Federal Appeals Court Rules Use of GPS Tracking Violates Fourth Amendment

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In a close 5-4 ruling, the US Court of Appeals for the District of Columbia decided not to do a full review of the reversal of a life sentence in the case of a man who was originally convicted of running a drug ring from a DC nightclub. A panel of three judges reversed the original sentence in the case due to a question of whether police use of GPS tracking violated defendant Antoine Jones' rights while evidence against him was gathered.

Jones' Washington DC criminal defense lawyers argued that when law enforcement officials installed GPS technology on the defendant's vehicle, his "reasonable expectation of privacy" per the Fourth Amendment was not taken into account. In an opinion, US Circuit Judge Douglas Ginsburg wrote that data collected via the GPS tracker on Jones' car was "essential to the government's case," and that a "reasonable person does not expect anyone to monitor and retain a record of every time he drives his car, including his origin, route, destination and each place he stops and how long he stays there." The American Civil Liberties Union and the Electronic Frontier Foundation both assisted in Jones' appeal of the original sentence.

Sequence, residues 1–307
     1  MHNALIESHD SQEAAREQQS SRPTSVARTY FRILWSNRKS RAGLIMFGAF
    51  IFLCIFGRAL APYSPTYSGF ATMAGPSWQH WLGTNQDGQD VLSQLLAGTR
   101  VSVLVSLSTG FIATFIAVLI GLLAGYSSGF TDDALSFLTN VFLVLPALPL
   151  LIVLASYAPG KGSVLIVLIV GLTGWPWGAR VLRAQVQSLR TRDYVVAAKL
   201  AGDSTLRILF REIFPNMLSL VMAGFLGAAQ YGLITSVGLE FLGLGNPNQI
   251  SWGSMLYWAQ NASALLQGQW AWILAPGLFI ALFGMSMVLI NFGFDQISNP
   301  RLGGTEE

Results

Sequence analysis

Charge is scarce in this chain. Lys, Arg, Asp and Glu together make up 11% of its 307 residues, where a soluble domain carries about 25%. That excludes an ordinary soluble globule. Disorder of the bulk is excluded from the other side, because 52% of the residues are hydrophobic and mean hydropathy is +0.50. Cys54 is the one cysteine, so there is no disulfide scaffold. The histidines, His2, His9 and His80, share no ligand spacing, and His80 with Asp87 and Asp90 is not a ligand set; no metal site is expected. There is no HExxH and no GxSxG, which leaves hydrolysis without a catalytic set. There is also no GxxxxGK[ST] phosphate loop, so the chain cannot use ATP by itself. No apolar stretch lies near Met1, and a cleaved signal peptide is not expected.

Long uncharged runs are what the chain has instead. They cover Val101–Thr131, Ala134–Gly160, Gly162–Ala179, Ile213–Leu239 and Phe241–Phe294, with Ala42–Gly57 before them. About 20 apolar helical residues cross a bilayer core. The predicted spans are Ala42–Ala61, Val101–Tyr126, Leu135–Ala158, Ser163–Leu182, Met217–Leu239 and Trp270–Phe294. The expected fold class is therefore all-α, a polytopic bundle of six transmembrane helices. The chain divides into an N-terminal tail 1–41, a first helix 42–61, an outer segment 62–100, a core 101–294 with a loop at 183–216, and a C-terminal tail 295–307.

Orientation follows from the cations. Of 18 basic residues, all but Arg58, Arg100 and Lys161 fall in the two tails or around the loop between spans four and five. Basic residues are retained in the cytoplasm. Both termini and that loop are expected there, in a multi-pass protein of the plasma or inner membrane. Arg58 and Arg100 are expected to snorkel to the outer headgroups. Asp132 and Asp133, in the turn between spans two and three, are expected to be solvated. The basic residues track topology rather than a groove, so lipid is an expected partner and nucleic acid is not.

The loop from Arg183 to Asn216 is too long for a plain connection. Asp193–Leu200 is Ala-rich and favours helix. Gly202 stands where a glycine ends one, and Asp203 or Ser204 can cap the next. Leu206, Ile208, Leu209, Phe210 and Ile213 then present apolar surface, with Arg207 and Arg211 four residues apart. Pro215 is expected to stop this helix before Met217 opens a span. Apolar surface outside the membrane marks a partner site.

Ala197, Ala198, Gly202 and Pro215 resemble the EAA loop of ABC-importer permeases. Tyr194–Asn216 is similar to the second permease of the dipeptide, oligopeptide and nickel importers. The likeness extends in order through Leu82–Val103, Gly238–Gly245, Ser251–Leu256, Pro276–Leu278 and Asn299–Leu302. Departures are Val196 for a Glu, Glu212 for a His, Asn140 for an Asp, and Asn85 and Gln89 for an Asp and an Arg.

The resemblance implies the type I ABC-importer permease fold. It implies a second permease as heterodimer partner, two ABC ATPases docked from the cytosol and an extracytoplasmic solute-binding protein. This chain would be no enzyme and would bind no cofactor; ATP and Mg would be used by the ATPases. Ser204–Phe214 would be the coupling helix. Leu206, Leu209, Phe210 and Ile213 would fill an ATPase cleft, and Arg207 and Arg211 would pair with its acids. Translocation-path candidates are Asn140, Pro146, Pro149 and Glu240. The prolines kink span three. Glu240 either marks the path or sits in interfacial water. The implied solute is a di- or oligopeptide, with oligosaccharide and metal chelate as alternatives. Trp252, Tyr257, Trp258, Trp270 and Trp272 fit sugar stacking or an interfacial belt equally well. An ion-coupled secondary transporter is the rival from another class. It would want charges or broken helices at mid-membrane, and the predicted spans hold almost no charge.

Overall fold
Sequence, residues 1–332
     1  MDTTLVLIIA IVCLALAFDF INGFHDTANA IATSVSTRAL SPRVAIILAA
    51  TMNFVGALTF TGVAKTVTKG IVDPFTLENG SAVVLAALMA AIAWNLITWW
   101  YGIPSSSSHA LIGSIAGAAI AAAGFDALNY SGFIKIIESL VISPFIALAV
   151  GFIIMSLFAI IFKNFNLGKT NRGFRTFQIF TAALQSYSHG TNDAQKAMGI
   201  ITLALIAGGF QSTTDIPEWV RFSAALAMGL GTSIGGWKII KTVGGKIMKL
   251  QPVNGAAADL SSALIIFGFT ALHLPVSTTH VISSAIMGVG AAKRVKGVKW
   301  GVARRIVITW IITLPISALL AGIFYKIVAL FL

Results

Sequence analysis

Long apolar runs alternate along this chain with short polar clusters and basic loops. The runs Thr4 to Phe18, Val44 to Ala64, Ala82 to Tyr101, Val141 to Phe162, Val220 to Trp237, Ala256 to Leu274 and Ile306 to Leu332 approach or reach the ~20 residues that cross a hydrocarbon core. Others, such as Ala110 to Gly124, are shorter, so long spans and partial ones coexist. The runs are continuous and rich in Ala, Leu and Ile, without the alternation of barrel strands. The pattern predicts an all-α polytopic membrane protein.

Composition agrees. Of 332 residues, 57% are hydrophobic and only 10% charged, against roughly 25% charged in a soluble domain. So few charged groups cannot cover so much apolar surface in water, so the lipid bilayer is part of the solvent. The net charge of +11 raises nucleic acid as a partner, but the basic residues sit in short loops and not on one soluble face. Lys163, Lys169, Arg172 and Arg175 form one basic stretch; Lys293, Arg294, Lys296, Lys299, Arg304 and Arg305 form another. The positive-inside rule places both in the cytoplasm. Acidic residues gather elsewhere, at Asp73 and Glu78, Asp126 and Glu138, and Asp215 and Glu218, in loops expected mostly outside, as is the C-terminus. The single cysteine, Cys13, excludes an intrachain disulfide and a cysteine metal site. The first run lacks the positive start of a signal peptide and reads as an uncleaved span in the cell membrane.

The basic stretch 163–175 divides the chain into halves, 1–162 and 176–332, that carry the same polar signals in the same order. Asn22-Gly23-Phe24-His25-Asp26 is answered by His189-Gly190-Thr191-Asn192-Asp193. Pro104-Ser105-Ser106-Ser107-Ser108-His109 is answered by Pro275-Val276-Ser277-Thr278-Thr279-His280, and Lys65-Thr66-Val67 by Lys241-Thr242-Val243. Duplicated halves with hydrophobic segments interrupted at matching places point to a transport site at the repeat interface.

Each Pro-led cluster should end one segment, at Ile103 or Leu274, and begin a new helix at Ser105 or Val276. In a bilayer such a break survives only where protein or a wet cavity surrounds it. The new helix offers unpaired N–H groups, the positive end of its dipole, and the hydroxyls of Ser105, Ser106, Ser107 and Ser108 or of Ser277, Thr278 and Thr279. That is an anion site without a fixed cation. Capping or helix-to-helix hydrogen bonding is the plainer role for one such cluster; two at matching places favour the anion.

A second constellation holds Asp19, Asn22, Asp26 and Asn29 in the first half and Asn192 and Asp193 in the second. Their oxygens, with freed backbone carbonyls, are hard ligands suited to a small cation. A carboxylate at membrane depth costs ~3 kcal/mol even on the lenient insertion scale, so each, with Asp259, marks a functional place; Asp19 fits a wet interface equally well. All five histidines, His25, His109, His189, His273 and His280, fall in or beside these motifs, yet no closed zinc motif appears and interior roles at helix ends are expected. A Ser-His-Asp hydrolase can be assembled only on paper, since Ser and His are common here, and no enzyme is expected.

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Published In: Civil Rights Updates, Criminal Law Updates

DISCLAIMER: Because of the generality of this update, the information provided herein may not be applicable in all situations and should not be acted upon without specific legal advice based on particular situations.

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